EE, O2 and Vodafone have poured tens of millions of pounds into creating Weve, a joint venture tasked with launching a mobile payment wallet, running mobile marketing campaigns across all three networks and creating a way of storing loyalty cards on smartphones.
Its goal is simple – to allow the UK’s three biggest mobile operators to take on the might of Google, Facebook, Apple and Twitter in the war for the mobile consumer.
After gaining approval from regulators last autumn, the operators appointed David Sear, a founder of the online payment system WorldPay, as Weve’s chief executive.
Sear sees his mission as alerting marketers and media agencies that the mobile handset is now consumers’ first screen and brands have to be on it.
"Brands have to embrace mobile. It has passed the point of theory, it is happening now," he says. He compares the introduction of high-speed 4G to the roll-out of internet broadband in its transformative effects on commerce. "I’ve been involved in businesses that crested the wave of the internet explosion and won. That’s what we need to do with Weve," he points out.
Over the past six months, the three mobile operators have built a combined audience of 20 million consumers who have opted in to receive marketing offers and ads.
So far, Weve has delivered more than 400 SMS and MMS campaigns across the three networks for 175 brands including Morrisons, Tesco and Nike. Sear thinks SMS campaigns are underrated – they have high open rates and can be very effective.
A campaign for Windows Phone encouraged people to click an SMS link to visit a demo page. The activity had a click-through rate of 3 per cent – nearly 10,000 clicks. Kleenex sent an MMS to people in locations within a one-mile radius of flu outbreaks. The click-through rate was 2.4 per cent – some 4,500 clicks.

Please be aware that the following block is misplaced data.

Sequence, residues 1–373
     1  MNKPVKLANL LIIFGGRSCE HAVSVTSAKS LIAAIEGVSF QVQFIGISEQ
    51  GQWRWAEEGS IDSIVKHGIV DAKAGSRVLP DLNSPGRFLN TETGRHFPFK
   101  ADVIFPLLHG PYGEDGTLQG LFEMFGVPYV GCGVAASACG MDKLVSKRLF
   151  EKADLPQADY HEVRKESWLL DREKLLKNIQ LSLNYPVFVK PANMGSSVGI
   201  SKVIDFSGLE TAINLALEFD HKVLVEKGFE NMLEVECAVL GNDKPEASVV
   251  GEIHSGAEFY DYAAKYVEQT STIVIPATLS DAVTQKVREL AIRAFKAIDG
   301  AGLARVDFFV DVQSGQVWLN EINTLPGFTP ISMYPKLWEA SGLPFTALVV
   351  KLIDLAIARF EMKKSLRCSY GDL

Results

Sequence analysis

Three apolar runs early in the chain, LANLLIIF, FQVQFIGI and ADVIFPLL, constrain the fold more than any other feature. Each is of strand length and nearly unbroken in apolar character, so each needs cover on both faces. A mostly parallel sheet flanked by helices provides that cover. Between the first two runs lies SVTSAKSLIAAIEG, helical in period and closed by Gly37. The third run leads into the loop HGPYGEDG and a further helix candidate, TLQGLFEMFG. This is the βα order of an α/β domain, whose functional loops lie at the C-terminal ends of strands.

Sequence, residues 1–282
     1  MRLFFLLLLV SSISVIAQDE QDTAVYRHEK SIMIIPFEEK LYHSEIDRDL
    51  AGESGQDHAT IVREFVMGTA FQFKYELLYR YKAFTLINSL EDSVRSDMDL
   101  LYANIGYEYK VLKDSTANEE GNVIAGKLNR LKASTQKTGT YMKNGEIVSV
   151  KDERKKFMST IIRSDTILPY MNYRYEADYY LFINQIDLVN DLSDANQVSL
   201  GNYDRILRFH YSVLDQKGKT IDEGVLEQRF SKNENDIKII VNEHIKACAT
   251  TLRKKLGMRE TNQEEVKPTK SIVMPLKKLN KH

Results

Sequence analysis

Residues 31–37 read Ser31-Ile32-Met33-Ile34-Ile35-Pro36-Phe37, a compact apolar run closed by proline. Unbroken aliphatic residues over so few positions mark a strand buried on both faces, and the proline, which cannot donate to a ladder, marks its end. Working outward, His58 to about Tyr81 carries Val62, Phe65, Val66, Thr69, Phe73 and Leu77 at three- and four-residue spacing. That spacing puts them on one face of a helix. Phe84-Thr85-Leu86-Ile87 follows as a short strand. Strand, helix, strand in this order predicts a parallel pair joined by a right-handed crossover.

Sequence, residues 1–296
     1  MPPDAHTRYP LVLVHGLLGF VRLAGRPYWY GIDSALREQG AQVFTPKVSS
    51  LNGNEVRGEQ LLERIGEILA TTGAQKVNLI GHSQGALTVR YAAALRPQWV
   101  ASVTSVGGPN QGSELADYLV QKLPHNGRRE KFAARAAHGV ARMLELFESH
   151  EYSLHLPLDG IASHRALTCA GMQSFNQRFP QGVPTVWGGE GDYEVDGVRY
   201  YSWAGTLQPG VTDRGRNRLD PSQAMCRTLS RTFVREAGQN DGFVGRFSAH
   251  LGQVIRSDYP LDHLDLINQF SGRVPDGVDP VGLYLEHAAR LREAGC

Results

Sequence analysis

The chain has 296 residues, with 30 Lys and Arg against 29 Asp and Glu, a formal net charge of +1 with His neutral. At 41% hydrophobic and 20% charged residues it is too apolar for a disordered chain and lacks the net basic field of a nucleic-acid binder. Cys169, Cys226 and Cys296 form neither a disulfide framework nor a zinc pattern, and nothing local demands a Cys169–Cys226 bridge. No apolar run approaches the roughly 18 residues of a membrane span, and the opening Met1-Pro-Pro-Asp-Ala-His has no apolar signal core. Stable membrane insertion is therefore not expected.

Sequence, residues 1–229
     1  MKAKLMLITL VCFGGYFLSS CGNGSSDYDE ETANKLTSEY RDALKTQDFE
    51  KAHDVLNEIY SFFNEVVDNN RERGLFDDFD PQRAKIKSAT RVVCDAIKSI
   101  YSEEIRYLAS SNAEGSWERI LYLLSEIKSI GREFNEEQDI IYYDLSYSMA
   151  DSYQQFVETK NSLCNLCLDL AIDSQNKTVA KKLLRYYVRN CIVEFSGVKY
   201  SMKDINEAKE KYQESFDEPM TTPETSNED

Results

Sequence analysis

Sear is convinced mobile will become the primary form of marketing. Weve can use anonymised data for SMS campaigns including postal area (but not postcode), handset brand, mobile contract, gender and information customers offer when opting in.
In addition, Weve is planning to create a mobile internet display advertising platform. Beta trials will start at the end of this year. The arrival of Nigel Clarkson, a former Primesight sales and marketing director who most recently led the sales team at LivingSocial, will provide much-needed commercial expertise.
"I absolutely believe I have joined the most exciting British start-up of recent times," Clarkson says. "As our text and display products develop, I know we will be able to play a pivotal role for brands."
Mobile display was worth £150 million last year, and the Internet Advertising Bureau expects the figure to rise to £250 million this year. Sear believes it’s not unreasonable to think this can treble over the next five years.
With 4G and smartphones, mobile becomes the most important thing for advertisers, agencies and retailers
Not everyone is happy about the creation of Weve. Google and others argued to regulators that the operators could leverage their handset subsidies and technology to lock out rivals.
Meanwhile, Google is expected to launch Wallet in the UK next year, Apple has Passbook and Samsung has tied up with Visa – meaning competition in the mobile commerce space will be fierce.
Weve’s objective is to cover the whole process of mobile commerce, and payment is just one part of that. Sear says brands and media agencies are still slow to catch on. "With 4G and smartphones, this whole medium becomes the most important thing for advertisers, agencies and retailers. While we see great traction, I think they would acknowledge that they haven’t scratched the surface," he suggests.
Lucy Ostermeyer, the head of mobile at the7stars, is among the first movers to have had success with Weve’s geolocation offer. The agency ran an MMS campaign targeting 18- to 34-year-old men around Valentine’s Day. Sent when they were within 500 metres of Tesco stores to encourage them to buy the Emeli Sandé album, the retailer reported a 38 per cent uplift in sales.
The campaign cost £2,500 – 14p to send out each of the 18,000 messages – and Ostermeyer is impressed by Weve’s data. "It feels like its products are being developed around how we use mobile in our everyday lives," she says.
Music, no doubt, to Sear’s ears.